Driven away by the three ills of American medicine – too much work, too little pay, and the fear of malpractice lawsuits:
On-call surgeons worry there’s more chance of getting sued by a stranger whom they rush to treat in an ER than by an established patient having elective surgery. “Anything can happen in an ER,” says Jose Arrascue, a kidney specialist in Boynton Beach, Fla.”If you have no rapport with the family, they may conclude you did something wrong, and you are wide open for a suit. That really concerns me.” There have been calls for legislation exempting doctors on ER duty from lawsuits, but the idea of immunity from malpractice hasn’t appealed to federal or state lawmakers.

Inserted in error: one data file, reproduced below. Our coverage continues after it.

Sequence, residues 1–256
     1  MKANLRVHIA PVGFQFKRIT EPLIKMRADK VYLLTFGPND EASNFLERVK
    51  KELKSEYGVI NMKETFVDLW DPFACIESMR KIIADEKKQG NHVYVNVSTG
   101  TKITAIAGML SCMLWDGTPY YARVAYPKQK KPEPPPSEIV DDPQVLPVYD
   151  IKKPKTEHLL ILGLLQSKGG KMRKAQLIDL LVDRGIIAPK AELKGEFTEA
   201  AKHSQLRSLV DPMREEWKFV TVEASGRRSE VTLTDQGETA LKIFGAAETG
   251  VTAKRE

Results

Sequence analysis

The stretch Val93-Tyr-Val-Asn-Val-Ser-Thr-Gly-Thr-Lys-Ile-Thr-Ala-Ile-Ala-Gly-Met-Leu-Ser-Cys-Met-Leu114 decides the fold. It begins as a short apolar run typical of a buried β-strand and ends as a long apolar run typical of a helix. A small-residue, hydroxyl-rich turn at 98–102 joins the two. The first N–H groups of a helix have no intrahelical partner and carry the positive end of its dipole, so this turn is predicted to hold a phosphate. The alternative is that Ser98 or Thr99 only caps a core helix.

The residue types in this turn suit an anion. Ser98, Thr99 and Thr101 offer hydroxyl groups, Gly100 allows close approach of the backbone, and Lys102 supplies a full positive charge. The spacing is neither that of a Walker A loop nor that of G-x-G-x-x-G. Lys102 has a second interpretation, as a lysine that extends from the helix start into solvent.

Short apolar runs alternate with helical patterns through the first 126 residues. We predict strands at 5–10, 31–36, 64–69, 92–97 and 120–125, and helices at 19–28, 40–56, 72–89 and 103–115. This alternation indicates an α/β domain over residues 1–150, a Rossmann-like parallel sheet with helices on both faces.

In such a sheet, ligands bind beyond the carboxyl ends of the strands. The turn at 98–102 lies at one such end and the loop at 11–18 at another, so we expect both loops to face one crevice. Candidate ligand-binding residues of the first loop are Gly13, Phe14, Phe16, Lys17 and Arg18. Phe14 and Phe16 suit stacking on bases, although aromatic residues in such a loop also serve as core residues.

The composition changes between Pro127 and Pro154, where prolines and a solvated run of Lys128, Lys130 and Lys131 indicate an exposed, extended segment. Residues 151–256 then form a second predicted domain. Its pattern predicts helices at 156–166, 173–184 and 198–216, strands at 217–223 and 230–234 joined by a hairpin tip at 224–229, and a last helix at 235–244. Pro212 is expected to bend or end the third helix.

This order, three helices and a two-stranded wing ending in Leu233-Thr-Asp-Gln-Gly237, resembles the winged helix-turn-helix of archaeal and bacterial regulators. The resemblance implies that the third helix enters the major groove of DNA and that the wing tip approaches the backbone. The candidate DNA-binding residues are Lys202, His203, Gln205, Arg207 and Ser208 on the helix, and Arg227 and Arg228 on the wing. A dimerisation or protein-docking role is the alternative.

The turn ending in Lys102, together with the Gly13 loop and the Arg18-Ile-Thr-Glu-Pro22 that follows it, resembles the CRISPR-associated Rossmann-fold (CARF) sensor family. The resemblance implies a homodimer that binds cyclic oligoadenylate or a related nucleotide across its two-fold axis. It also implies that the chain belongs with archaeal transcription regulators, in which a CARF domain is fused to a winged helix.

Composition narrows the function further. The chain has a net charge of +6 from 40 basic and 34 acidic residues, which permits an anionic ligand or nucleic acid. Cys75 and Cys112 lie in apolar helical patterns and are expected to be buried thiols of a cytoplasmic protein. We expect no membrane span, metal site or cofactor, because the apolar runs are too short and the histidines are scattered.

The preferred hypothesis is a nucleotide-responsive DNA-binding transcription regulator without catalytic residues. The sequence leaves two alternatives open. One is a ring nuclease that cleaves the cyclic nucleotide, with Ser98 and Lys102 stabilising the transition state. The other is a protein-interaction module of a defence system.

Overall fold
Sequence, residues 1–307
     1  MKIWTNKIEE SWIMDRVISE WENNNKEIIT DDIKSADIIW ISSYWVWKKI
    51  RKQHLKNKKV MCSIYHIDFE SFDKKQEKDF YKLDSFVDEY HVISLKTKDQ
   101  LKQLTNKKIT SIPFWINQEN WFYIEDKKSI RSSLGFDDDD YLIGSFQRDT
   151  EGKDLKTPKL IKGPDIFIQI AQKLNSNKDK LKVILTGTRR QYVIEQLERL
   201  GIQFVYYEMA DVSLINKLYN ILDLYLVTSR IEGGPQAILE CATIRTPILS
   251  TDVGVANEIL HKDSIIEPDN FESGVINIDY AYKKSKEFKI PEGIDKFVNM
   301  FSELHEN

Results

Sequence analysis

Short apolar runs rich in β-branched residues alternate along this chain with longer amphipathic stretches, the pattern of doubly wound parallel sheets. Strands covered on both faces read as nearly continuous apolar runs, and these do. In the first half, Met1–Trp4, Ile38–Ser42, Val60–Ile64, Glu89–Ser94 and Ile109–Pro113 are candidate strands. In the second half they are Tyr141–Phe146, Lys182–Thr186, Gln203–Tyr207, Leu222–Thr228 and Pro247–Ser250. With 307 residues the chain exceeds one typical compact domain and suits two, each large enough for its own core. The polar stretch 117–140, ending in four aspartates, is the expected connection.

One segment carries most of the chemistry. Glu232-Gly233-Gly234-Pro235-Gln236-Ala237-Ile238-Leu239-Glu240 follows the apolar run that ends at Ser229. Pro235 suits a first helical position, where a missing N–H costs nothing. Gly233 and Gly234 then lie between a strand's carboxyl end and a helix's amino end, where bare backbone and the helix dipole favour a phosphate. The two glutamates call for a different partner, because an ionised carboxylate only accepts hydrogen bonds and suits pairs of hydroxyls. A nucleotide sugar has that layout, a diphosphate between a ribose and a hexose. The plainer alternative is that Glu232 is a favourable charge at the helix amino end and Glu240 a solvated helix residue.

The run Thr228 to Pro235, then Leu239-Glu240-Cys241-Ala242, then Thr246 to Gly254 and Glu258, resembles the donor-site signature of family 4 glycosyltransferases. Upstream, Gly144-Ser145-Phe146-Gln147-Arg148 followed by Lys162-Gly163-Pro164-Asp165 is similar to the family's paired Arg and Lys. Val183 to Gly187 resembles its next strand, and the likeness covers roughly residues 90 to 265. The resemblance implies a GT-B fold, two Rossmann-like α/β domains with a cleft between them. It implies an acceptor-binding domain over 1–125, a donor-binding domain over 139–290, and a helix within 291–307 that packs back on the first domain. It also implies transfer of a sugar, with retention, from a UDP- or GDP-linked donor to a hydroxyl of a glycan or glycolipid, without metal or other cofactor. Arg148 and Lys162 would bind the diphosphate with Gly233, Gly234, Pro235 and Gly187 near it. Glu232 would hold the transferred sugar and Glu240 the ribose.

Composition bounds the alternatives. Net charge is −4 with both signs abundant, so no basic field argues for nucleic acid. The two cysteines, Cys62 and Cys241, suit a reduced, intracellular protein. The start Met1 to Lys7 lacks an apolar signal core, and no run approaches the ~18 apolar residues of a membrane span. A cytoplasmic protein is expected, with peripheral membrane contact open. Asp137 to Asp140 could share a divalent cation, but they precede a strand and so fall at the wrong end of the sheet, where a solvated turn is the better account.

To minimize risk, many doctors stop taking ER calls. Or, Valadka says, surgeons may limit the types of operations they do in regular practice, which means they won’t be called in for emergencies that are beyond those limits. For example, some neurosurgeons””ironically””have stopped doing brain surgery and focus only on the spine.